NEWS11 November 2020

UK proposes online junk food advertising ban

FMCG News Public Sector Trends UK Youth

UK – The government has launched a consultation on a total ban on advertising high fat, sugar and salt (HFSS) products online amid criticism from four advertising sector representative bodies. 

Junk food

An online-only consultation was published by the government on 10th November setting out its proposals as part of the UK’s obesity strategy. The consultation, which runs until the end of 22nd December, proposes removing all marketing communications from the internet that would be viewable to UK consumers.

However, the Advertising Association, Incorporated Society of British Advertisers, Institute of Practitioners in Advertising and the Internet Advertising Bureau UK have called the proposals “severe and disproportionate” in a statement.

The consultation claims that the difficulty in imposing an advertising watershed on the internet, like the 9pm watershed proposed for HFSS television advertising, and the growth in television streaming online means a total ban would be needed for its HFSS advertising restrictions to be effective.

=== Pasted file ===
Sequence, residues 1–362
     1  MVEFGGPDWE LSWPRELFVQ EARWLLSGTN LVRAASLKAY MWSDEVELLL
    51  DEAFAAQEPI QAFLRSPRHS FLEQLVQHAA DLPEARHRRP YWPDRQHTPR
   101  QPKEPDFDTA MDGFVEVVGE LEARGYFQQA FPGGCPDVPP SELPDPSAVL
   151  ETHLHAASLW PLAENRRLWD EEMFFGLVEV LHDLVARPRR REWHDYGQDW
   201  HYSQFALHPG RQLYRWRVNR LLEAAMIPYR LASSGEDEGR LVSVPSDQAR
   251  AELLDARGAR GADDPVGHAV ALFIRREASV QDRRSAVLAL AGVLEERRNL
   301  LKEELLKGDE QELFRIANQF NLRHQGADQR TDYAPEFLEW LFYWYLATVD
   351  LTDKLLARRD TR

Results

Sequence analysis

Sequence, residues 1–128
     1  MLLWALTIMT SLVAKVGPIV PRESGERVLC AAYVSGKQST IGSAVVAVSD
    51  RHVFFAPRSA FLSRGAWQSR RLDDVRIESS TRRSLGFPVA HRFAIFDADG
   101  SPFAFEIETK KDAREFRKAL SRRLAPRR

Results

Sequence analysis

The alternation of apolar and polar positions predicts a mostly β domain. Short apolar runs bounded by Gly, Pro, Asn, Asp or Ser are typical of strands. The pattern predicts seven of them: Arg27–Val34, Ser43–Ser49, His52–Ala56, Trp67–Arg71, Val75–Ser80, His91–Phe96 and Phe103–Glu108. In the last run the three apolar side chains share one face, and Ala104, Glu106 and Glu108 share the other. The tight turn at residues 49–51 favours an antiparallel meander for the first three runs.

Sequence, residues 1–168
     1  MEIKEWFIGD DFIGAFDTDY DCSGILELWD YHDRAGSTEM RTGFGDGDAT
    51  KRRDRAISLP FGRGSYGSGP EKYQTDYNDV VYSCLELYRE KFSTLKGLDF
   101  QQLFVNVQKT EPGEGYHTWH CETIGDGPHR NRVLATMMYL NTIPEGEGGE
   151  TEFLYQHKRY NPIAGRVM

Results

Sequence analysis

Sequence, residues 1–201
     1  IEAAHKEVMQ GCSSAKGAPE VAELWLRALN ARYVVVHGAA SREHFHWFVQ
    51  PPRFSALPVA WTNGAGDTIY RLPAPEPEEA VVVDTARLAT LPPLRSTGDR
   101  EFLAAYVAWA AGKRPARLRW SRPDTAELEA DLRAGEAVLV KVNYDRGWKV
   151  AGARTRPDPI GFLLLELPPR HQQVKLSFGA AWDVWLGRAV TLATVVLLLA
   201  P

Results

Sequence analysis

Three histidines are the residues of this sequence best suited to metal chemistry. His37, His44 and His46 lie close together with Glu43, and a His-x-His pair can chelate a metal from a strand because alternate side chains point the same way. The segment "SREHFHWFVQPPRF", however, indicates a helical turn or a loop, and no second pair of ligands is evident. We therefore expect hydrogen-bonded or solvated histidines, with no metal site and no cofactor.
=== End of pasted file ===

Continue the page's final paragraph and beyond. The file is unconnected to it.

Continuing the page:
“The increased estimates of children’s online media consumption strengthens the case for government acting to reduce children’s exposure to HFSS online and demonstrates the rising risk of children’s exposure in this media where children are spending an increasing amount of time,” states the consultation.

The ban would not relate to business to business marketing communications, factual claims about products and services, and communications with the purpose of facilitating an online sale.

The statement from the four industry bodies said that the proposals would do “untold harm” to the nation’s creative and food and drink sectors.

“The advertising sector is a proven engine of the UK economy, and we would urge ministers not to damage the jobs and tax revenue it creates,” the statement claims.

“The government is setting out headline-grabbing proposals, but we are far from convinced that they have made the case, or set out the evidence for, a heavy-handed intervention of this kind.

“We urge ministers to start engaging meaningfully with industry now, and to develop evidenced solutions that are targeted at the problem they wish to address, appropriate to digital media and fit for the 21st century.”